Harries also suggested that city schools reach out to parts of the University with which they do not usually interact. He said he has already met with the head of Yale’s Emotional Intelligence Center, which Salovey played a key role in founding, to discuss the possibility of further collaboration.
Over the past 20 years, Levin used real estate as a mechanism for improving Yale-New Haven relations. Through University Properties, which buys and then leases space in the city, Yale gentrified several New Haven streets, including Broadway and Chapel. Adding to the University’s engagement with the Elm City, Yale also incentivized employees to purchase homes in New Haven rather than in the surrounding suburbs.
Salovey said that while these methods were successful, the vehicle for growth in the Elm City is quickly shifting to an “idea economy.” Entrepreneurship from Yale students, faculty and staff has already contributed to establishing new businesses, technology, public policy ideas and services, Salovey said in his Sunday address.
Mayoral candidate Justin Elicker FES ’10 SOM ’10 seconded Salovey’s call for economic growth based on innovation.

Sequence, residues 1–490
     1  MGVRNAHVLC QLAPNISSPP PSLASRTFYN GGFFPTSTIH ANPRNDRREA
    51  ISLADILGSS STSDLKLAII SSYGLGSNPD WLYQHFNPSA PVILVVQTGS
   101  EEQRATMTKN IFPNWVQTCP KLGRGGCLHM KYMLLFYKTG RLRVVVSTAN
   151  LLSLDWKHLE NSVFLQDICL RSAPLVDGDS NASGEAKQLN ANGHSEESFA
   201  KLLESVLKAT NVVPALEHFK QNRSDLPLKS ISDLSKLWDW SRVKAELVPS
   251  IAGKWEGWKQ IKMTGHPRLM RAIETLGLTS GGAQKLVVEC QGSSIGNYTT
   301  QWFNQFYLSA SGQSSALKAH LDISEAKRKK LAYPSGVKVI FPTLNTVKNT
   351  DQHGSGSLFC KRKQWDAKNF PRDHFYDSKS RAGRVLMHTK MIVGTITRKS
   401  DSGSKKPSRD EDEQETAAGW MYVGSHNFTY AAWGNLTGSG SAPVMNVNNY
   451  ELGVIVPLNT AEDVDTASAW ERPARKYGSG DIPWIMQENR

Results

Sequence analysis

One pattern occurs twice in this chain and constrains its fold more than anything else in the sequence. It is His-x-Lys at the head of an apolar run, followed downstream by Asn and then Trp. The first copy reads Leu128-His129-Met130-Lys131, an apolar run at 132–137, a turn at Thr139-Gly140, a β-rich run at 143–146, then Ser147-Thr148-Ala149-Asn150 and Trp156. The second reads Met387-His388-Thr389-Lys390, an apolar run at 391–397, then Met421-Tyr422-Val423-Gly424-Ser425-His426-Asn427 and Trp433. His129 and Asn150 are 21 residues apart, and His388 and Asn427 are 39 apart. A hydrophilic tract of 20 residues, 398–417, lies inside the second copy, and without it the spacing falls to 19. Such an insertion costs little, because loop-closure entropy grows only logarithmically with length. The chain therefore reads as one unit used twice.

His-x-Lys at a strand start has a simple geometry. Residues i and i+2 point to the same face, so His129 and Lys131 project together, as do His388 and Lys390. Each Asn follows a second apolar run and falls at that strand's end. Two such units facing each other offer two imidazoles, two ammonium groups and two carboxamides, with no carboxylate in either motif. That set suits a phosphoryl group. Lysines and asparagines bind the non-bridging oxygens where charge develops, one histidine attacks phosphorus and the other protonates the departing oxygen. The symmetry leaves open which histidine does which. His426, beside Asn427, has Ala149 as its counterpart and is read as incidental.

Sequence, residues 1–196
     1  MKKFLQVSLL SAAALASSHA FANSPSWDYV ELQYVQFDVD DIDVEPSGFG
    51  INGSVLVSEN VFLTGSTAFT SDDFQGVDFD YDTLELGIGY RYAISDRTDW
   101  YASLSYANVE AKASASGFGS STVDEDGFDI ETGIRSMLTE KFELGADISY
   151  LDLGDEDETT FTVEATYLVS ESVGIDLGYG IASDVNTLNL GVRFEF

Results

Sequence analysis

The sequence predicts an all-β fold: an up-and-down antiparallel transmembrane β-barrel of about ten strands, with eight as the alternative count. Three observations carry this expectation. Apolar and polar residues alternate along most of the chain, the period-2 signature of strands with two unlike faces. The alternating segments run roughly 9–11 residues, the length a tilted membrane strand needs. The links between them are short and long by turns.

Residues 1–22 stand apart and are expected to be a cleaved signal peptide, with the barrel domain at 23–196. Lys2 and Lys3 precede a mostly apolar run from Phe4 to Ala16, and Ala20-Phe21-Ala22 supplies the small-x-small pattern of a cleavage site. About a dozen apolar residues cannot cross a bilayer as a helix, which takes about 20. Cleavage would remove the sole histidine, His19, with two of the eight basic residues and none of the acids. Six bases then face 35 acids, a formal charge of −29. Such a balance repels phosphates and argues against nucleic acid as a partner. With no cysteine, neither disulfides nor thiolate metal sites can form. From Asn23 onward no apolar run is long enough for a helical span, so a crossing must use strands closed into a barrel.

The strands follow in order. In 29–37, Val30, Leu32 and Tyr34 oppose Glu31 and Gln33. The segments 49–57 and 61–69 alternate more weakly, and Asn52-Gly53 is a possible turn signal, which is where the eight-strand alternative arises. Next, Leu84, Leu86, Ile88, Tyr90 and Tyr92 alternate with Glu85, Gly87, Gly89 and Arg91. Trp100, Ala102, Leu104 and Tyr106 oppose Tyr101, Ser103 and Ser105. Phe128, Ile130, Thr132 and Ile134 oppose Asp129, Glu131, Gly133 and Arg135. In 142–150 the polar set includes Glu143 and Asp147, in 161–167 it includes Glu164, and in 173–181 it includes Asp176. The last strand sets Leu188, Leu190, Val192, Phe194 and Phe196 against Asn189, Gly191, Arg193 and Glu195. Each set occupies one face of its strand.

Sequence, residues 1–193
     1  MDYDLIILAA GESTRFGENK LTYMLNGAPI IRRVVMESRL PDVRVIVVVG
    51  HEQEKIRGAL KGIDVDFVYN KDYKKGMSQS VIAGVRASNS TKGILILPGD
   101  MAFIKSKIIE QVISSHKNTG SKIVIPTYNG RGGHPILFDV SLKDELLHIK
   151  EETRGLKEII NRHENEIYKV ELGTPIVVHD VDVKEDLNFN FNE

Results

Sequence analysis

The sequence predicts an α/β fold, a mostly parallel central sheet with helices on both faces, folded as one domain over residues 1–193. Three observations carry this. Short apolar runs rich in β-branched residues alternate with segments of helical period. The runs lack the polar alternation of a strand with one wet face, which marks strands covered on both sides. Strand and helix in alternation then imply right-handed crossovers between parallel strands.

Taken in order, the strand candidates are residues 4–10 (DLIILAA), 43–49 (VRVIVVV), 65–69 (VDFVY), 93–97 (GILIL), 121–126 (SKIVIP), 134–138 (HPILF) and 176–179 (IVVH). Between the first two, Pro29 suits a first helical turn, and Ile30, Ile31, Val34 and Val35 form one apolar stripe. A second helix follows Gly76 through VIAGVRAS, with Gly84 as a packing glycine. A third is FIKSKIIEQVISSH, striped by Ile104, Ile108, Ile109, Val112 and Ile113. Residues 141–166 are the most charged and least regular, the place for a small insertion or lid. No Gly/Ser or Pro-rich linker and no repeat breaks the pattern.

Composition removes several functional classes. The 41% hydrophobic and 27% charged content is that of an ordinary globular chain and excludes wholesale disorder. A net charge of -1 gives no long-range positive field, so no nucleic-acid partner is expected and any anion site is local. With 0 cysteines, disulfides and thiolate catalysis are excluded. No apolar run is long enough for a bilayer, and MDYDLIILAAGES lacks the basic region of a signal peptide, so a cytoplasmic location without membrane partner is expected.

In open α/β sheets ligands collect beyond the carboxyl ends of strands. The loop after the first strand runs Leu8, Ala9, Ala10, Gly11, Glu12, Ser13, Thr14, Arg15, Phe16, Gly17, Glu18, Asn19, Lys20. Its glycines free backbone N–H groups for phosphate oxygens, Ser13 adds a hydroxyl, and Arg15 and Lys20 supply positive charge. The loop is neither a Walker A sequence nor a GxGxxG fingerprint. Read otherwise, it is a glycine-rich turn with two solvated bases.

In the past, Elicker has pointed to Science Park as a successful example of creative collaboration between Yale and the city.
The park — a 600,000-square-foot development in New Haven’s Newhallville neighborhood that cost the University approximately $150 million to renovate in 2010 — is a first-rate scientific research facility on the site of a former arms manufacturing plant. Elicker said the plant is successful not only in providing jobs that require advanced educational degrees, but also in offering jobs that do not require post-secondary educations, such as janitorial, secretarial and other positions.